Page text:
Meanwhile, the typically Protestant (and usually butt-ugly) Wesleyan-style choir robe, which usually features some kind of stole (a decidedly clerical vestment) is recommended! Note that nothing whatsoever is said about proper color or design.

    EF or OF, I say dress the part, with the dignity the liturgy and the ministry of musician deserves.
    Thanked by 1hilluminar
  • I'm curious as to what mixed scholas are wearing at the EF? We have one low alto who is the wife of one of the guys. I'm not about to tell her she can't sing with us as long as she can navigate the men's range!

    moconnor
  • I'm not saying that our Anglo-Catholic brothers and sisters have a lock on any of this, but at St. Clement's Philadelphia the men wear black cassock and white surplice, the women wear black cassock only with a black zucchetto (I think that's the proper term, it's a black scull cap), and the men who are serving in the role of cantor (precentor) for the chant portions wear copes. (That was their custom anyways, back in the '90's).

    I'm not sure if this is at all in line with proper Catholic usage, although I'd bet dollars to draughts that if one were to consult Fortesque, this would be considered the norm.
  • GavinGavin
    Posts: 2,799
    My understanding is as the bishops say: the cassock and surplice is clerical attire and so off limits for choristers. Also the same rationale is used to forbid female altar servers from wearing them, although my parish uses them for both. I think an alb is "safer" for a choir, although if I had my choice (and the money) I'd go for the cassock and surplice and just remind everyone "now no one run off and get ordained, please."
  • Pes
    Posts: 623
    As long as there's no hard and fast rule:

    White linen albs for everybody!

    Even for the conductor. Chorus angelorum, like. Neutral.

    One organist I know at a cathedral wears a black cassock. Given his personality, we can't imagine him in anything else.
  • tdunbar
    Posts: 120
    re clerical garb:

    Put on then, as God's chosen ones, holy and beloved, heartfelt compassion, kindness, humility, gentleness, and patience, bearing with one another and forgiving one another
  • john m
    Posts: 134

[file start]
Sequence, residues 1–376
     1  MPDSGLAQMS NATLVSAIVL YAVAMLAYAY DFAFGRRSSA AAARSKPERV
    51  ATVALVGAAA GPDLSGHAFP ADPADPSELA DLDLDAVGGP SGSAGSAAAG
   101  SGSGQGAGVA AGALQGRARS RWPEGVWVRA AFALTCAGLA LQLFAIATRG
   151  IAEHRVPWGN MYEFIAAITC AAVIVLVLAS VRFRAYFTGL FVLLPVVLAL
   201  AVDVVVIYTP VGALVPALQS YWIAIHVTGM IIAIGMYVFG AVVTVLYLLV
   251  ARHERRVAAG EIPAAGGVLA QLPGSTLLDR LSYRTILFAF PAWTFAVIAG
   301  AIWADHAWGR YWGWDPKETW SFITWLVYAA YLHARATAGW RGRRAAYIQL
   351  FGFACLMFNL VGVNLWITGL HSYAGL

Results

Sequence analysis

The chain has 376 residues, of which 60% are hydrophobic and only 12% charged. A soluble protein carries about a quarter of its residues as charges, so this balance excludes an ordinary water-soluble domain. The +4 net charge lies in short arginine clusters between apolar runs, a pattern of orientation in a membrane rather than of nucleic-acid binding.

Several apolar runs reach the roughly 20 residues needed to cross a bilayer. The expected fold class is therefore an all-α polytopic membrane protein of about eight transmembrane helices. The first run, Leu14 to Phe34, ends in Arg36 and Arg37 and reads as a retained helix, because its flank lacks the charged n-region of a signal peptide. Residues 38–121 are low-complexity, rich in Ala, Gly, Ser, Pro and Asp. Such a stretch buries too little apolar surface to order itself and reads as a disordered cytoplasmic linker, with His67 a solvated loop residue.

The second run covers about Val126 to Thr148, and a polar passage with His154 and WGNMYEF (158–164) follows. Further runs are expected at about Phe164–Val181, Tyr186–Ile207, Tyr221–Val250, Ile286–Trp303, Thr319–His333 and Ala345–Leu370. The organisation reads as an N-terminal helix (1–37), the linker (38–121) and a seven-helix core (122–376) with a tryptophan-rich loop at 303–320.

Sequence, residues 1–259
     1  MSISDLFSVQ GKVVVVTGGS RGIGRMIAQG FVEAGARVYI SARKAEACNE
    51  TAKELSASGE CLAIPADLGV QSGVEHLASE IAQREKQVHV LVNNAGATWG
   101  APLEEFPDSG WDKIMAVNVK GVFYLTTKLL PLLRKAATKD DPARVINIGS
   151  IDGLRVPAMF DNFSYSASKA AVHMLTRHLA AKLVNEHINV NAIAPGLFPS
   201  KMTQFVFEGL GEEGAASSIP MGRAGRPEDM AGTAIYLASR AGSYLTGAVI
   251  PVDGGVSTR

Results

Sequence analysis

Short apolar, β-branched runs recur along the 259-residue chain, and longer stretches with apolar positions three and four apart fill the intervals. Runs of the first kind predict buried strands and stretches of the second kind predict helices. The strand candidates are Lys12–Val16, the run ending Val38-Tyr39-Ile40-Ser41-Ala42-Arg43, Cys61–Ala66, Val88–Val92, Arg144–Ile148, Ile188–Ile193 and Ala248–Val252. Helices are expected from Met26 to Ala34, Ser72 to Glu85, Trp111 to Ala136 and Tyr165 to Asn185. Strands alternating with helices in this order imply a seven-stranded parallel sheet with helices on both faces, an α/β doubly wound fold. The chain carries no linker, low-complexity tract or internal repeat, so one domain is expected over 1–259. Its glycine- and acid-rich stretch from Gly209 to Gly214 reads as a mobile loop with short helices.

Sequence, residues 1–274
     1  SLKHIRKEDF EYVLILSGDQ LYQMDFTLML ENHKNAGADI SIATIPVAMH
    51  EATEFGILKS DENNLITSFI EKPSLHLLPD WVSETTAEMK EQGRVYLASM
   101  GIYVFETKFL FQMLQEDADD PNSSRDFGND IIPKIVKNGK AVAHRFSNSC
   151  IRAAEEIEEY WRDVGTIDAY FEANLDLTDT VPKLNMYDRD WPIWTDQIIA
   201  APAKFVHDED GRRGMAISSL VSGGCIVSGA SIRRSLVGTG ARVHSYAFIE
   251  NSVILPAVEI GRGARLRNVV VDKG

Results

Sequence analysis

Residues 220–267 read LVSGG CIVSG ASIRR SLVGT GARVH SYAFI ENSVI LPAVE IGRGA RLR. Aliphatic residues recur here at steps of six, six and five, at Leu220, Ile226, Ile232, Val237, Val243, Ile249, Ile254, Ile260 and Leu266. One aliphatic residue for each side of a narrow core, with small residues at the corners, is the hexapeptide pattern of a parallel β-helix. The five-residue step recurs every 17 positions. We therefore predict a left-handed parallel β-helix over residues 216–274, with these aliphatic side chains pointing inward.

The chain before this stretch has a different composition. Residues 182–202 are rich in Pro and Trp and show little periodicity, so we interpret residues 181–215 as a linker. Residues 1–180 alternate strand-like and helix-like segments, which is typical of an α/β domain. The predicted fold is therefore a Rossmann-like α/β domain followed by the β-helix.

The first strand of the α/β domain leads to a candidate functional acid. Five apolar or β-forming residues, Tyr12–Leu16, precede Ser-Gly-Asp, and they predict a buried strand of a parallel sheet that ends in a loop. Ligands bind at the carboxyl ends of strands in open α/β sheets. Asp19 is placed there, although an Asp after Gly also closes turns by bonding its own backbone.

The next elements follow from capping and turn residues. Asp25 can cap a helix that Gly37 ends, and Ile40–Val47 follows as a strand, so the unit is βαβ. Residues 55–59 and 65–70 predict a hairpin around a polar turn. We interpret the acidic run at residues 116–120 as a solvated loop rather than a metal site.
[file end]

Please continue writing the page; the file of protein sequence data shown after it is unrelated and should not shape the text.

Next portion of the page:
I have from my bishop an original draft review copy of the "Sing To The Lord" document, which states that "...Cassock and surplice, being clerical attire, are not appropriate as choir vesture. " Since the original wording was officially modified from "not appropriate" to "not recommended", I would infer that lay vesture in cassock and surplice was determined to be not completely out of the question. I suspect the change in wording is in recognition of the fact of respected liturgical choirs (for example, the Cathedral of the Madaleine in Salt Lake City) already being attired in cassock and surplice. In any case, it would appear that the question is still open, at least until Rome weighs in on it.
  • Fortescue-O'Connell does mention that singers who are not part of the liturgical choir are to be in a separate place, even the other end of the church. The context of this suggests that these are polyphonic singers since he takes pains to suggest that they be together for good artistic effect. It does say that "cantors" should dress in cassock and surplice and have ceremonial duties during the Mass and Office. I'm guessing that these too are clergy.

    Pius X's instructions, then seem to be the guide for lay singers serving in the actual choir.

    moconnor
  • I believe that GIRM says that any ministers who do not wear outer vestments--and this includes all lay minister--may wear the surplice instead of the alb. The surplice is nothing but a form of the alb that was designed to be worn over fur in cold churches (super + pelliceum) . By what reasoning would the bishops say that the surplice is clerical attire but that the alb is not?
    Thanked by 2CHGiffen IanW
  • chonakchonak
    Posts: 8,921
    [Wow! Adding to a thread that has been idle for six years.--admin]
  • There's always room for another angel on the pin head.